1932

Abstract

▪ Abstract 

The history of the theory and experimental evidence that the natural catalytic and reactive qualities of transition metal sulfides are linked to primitive metabolism is reviewed. In the late 1980s, a hypothesis arose that proposed that transition metal sulfides (in particular pyrrhotite and pyrite) might play a significant role promoting abiotic organic chemistry. As an outgrowth of this hypothesis, elaborate theories were presented, including proposals for earliest life being structurally distinct from extant prokaryotic life. During the 1990s and into the twenty-first century, experimental evidence has emerged that supports certain aspects of these theories; in other cases, the experiments reveal chemistry that diverges significantly from that which was proposed theoretically. In either case, however, there is clear evidence that transition metal sulfide minerals exhibit catalytic qualities for the promotion of reactions that have obvious metabolic utility and, therefore, could have provided the primitive Earth with valuable biochemical intermediates.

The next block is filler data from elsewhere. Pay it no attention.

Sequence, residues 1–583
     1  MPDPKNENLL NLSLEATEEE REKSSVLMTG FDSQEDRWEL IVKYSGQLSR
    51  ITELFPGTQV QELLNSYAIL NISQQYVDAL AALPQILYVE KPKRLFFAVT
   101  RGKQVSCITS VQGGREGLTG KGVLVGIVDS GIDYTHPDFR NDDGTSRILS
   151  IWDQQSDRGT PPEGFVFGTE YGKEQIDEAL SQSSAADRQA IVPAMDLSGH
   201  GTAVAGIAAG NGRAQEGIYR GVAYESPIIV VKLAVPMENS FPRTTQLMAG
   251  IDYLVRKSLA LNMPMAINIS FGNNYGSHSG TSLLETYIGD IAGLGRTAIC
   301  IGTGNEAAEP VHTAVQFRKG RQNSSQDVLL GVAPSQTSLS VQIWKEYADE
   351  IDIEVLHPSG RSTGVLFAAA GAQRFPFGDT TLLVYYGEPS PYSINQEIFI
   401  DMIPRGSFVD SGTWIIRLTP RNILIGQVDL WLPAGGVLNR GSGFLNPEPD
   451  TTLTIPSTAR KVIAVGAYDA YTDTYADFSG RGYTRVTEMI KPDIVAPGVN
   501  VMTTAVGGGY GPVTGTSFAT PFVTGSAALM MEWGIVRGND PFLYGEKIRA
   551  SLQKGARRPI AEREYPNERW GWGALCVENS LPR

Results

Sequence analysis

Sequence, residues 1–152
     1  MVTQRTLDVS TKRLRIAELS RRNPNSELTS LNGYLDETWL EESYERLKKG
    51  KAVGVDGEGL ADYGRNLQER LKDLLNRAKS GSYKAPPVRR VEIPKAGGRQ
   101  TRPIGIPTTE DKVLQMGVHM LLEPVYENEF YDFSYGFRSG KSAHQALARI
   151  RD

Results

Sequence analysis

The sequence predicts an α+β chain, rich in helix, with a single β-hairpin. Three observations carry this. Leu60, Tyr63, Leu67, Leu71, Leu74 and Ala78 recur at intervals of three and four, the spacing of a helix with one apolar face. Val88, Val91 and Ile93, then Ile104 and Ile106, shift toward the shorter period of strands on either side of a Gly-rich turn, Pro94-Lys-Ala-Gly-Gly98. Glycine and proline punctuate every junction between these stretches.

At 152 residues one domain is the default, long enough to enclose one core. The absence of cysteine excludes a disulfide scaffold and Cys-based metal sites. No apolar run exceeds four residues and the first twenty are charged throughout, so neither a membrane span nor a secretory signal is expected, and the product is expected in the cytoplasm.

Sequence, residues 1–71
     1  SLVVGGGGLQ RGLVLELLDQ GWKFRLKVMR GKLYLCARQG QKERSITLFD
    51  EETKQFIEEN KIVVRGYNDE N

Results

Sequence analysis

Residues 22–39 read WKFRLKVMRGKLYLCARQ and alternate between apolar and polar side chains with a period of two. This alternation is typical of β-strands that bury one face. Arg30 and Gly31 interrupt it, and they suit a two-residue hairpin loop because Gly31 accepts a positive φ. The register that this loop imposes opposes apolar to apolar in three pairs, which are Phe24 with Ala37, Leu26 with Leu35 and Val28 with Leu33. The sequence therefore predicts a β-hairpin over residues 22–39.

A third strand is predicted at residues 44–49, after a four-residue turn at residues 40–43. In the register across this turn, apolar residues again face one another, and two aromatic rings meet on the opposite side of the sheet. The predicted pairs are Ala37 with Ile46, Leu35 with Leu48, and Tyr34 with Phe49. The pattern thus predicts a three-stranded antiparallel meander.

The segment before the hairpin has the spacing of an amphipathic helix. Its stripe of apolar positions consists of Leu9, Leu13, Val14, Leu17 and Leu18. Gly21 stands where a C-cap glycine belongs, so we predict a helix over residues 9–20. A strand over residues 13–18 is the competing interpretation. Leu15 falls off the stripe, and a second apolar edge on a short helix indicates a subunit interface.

Loading

Article metrics loading...

/content/journals/10.1146/annurev.earth.32.101802.120225
2004-05-19
2024-06-14
Loading full text...

Full text loading...

/content/journals/10.1146/annurev.earth.32.101802.120225
Loading
/content/journals/10.1146/annurev.earth.32.101802.120225
Loading

Data & Media loading...

  • Article Type: Review Article
This is a required field
Please enter a valid email address
Approval was a Success
Invalid data
An Error Occurred
Approval was partially successful, following selected items could not be processed due to error